The information and guidance in this training module for GPs in New Zealand on the treatment of ME/CFS is really awful
Not only does it state that the recommendations in UK NICE guidelines have been ‘severely discredited by world experts in the condition', it goes on to recommend graded exercise therapy (GET) and the Lightning Process (for children age 12 to 18) and claims that pacing ‘has not been shown to be effective' !
If a doctor here in the UK were to prescribe two specific treatments that were not recommended by NICE, and a patient then suffered harm as a result, the doctor could then face legal consequences
However, the UK NICE guideline recommendations do not form part of official guidance on ME/CFS in New Zealand
I hope that the New Zealand ME/CFS charities will call for the immediate withdrawal of this learning module
The MEA would be wiling to support any such action
Dr Charles Shepherd
Trustee and Hon. Medical Adviser. The ME Association.
Chronic fatigue syndrome, also known as myalgic encephalomyelitis (CFS/ME), is a complex, multi-system condition that affects 2-4 per 1,000 New Zealanders.1
Diagnosis requires careful analysis of the patient's history and pattern of symptoms, plus exclusion of other fatiguing illnesses.1 The BMJ Best Practice suggests several criteria, although clinicians do not always adhere to all four. These are: A diagnosis of ME/CFS should be suspected if the patient has all four key symptoms (e.g., post-exertional malaise, debilitating fatigue, cognitive difficulties, unrefreshing sleep or sleep disturbance) for a minimum of 6 weeks in adults and four weeks in children and young people.
Treatment approach and goals
Treatment aims to reduce symptoms and improve quality of life, focusing on patient self-management, which is why establishing a collaborative therapeutic relationship is essential.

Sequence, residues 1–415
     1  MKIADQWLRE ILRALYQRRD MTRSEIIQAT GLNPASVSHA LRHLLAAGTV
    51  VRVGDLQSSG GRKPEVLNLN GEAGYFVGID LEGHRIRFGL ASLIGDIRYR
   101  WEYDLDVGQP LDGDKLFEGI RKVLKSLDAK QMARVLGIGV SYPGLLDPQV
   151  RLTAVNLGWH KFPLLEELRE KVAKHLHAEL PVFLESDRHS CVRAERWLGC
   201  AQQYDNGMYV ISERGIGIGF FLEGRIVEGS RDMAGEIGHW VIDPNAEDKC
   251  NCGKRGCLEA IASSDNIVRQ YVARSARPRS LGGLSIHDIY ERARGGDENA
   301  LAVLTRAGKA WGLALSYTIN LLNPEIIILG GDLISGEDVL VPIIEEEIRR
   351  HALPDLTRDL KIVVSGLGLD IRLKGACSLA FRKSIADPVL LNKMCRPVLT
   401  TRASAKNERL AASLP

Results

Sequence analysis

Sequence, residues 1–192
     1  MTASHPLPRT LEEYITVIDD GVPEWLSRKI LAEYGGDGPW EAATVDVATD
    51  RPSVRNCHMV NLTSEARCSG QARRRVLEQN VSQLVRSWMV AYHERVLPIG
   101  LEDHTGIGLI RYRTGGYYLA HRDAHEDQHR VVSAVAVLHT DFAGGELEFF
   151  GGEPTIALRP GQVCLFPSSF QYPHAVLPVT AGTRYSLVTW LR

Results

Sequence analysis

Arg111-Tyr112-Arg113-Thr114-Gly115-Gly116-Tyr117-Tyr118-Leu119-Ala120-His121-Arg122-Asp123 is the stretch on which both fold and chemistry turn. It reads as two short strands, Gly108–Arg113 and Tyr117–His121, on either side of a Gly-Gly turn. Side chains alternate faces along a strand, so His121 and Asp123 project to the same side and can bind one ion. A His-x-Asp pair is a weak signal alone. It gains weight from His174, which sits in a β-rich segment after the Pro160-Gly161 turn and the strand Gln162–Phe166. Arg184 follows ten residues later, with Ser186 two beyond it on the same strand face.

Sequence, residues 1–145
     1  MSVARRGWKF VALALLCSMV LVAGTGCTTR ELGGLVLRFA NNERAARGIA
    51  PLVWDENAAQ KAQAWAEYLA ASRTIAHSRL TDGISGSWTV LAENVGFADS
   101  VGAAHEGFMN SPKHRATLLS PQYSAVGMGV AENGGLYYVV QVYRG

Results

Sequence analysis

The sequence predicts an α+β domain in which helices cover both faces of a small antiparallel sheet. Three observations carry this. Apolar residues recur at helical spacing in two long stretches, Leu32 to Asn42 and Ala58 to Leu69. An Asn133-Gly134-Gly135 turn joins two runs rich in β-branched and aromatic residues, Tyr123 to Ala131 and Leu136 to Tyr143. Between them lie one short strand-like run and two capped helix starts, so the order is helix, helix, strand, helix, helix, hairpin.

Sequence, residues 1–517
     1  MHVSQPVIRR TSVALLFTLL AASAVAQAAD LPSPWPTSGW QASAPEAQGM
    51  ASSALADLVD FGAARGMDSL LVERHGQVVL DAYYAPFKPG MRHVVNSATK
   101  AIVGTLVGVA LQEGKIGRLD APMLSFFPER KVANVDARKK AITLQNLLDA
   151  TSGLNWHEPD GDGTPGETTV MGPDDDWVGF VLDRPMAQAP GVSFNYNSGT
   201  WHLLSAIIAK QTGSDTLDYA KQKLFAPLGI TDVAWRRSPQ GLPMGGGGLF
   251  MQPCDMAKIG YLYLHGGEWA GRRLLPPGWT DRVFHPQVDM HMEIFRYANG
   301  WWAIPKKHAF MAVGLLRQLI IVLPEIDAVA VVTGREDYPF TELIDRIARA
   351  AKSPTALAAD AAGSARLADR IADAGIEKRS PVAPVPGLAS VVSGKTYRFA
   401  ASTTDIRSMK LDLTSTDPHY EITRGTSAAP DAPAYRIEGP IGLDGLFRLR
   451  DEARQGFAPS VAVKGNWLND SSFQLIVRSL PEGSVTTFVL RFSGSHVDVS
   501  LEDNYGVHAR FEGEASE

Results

An important step is to acknowledge the impact of CFS/ME on the individual's ability to work, maintain relationships, undertake basic self-care, and maintain self-identity. Frustration and anxiety can arise if there is skepticism towards CFS/ME patients – who may not appear ill – from their family, friends, and medical practitioners.
The specific treatments that can help include:
- Cognitive Behavioural Therapy (CBT).
- Graded exercise
- Lightning Process (for children 12 to 18). There is encouraging evidence from a small RCT in children.4 It has also been used successfully in young adults but has not been studied in RCTs in older age groups.
Graded exercise on the other hand, where patients are encouraged to increase their activity beyond current functioning, has been much more clearly shown to be effective for both fatigue and physical functioning,1,3 and CBT also has a solid evidence base.
Activity pacing, where participants are not asked to increase activity beyond their current perceived energy envelope, has not been shown to be effective for fatigue reduction in large trials and systematic reviews.1,3 Part of the problem may be that pacing has been very variably defined: in the large PACE trial, 3 which was negative, participants were asked to limit their exercise to 70% of their perceived energy envelope; other trials that suggest there may be benefit have used higher figures and/or included co-interventions.1 With the above caveats about how to define pacing, there is limited trial evidence that pacing may increase physical functioning and reduce depression and anxiety.1
Low-intensity alternative delivery methods for evidence-based care (e.g., telephone, internet, brief primary care visits, and guided self-instruction of CBT programmes) suggest comparable improvements in physical functioning, fatigue, and patient satisfaction compared to usual care.
In a study on adults, home-delivered (in-person nurse visit or telephone coaching) ‘pragmatic rehabilitation' intervention for 20 weeks improved self-reported fatigue compared to supportive listening or treatment as usual.
Resources for clinicians
To the best of our knowledge, no hospital departments exclusively manage ME/CFS. CBT is usually conducted by Clinical Psychologists, graded exercises by physiotherapists, and there are private fully trained Lightning Process therapists.
(NB: The NICE guidelines are quoted as a source of information. For this condition, they have been severely discredited by world experts in the condition.2)